Also known as string beans, these bright green and crunchy legumes (not technically a vegetable) are one of America’s most favorite produce picks.
Green beans are picked while still immature and the inner bean is just beginning to form. These are one of the rare varieties of beans that are eaten fresh.
- Because of their rich green color, we don’t always think about green beans as providing us with important amounts of colorful pigments like carotenoids. But they do! Recent studies have confirmed the presence of lutein, beta-carotene, violaxanthin, and neoxanthin in green beans.
- When first frozen and then cooked, retention of some B vitamins in green beans (like vitamins B6 and B2) can be as high as 90%. Recent studies have shown that canned green beans, on average, lose about one third of their phenolic compounds during the canning process. They lose B vitamins as well but in the case of some B vitamins like folic acid, as little as 10%.
- Green beans may be a particularly helpful food for providing us with the mineral silicon, which is very important for bone health and for healthy formation of connective tissue.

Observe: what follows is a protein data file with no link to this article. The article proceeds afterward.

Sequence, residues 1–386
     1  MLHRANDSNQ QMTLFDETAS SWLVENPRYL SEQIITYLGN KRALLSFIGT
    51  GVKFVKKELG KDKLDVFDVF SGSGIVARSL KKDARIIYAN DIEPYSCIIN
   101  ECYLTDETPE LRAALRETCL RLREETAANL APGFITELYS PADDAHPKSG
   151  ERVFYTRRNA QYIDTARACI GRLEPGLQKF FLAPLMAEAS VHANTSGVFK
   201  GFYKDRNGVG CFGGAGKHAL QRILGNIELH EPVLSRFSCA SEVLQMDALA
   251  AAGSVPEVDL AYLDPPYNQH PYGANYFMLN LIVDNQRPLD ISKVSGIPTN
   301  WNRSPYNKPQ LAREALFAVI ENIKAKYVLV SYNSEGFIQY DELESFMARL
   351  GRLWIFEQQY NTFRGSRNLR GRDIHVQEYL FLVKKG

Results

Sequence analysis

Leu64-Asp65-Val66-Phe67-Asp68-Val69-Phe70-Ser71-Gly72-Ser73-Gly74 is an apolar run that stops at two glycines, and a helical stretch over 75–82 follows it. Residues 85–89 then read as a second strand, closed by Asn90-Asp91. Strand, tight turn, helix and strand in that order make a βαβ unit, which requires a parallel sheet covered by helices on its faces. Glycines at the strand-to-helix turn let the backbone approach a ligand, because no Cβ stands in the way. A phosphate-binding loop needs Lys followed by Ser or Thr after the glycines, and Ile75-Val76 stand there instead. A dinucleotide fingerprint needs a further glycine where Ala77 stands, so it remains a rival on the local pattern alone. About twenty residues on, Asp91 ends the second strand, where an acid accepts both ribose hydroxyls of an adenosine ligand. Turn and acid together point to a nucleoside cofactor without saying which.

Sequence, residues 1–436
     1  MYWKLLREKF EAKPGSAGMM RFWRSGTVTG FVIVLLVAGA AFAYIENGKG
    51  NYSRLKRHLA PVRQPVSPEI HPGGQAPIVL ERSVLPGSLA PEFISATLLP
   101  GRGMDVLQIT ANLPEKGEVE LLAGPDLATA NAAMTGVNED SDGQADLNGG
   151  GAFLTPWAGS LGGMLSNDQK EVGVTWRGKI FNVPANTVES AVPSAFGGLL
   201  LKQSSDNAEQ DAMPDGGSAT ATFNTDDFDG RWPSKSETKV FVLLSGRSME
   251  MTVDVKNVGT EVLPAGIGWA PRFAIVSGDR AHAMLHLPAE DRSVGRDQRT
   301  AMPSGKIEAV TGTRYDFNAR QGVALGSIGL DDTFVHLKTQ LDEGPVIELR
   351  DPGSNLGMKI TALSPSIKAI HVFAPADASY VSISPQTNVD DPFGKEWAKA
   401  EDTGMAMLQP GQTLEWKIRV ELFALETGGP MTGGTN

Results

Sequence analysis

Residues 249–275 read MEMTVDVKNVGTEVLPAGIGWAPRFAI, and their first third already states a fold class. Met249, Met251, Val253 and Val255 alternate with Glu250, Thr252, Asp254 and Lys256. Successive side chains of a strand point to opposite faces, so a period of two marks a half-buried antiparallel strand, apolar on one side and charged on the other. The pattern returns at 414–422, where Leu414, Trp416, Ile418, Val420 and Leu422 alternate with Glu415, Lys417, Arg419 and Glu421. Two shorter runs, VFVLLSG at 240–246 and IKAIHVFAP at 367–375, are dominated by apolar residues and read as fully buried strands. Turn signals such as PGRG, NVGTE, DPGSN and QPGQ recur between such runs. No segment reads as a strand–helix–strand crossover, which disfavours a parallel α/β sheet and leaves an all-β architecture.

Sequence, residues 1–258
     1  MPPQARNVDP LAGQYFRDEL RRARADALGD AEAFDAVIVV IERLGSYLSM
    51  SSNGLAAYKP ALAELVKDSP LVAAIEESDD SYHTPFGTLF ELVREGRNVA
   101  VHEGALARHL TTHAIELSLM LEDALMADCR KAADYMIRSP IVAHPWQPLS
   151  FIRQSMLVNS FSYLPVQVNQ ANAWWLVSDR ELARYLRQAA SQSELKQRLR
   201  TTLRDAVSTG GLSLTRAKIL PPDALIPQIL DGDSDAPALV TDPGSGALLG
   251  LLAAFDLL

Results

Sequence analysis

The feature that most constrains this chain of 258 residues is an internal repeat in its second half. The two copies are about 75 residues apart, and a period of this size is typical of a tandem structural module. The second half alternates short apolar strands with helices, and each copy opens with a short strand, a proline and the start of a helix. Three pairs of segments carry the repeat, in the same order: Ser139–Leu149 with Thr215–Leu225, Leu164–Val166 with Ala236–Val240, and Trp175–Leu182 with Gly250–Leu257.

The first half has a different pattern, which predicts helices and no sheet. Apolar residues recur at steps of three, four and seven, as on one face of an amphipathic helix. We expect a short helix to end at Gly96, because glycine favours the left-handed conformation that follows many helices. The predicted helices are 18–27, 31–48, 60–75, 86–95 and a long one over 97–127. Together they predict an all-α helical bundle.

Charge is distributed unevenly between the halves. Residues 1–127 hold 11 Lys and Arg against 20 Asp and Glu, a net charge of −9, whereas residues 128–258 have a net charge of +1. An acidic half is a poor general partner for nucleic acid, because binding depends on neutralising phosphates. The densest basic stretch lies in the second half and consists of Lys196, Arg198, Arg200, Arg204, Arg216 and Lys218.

- Green beans are an excellent source of vitamin K. They are a very good source of manganese, vitamin C, dietary fiber, folate and vitamin B2. In addition, green beans are a good source of copper, vitamin B1, chromium, magnesium, calcium, potassium, phosphorus, choline, vitamin A (in the form of carotenoids), niacin, protein, omega-3 fatty acids, iron, vitamin B6 and vitamin E.
Best Ways to Use
- Green beans are a classic ingredient in Salad Nicoise, a French cold salad dish that combines steamed green beans with tuna fish and potatoes.
- Lightly sauté green beans with shiitake mushrooms or other green beans.
- Prepare the perennial favorite, green beans almondine, by sprinkling slivered almonds on ightly sautéed beans.
- Green bean casserole is a holiday staple. You can make it healthier by using fresh beans, Greek yogurt, and low fat cheeses.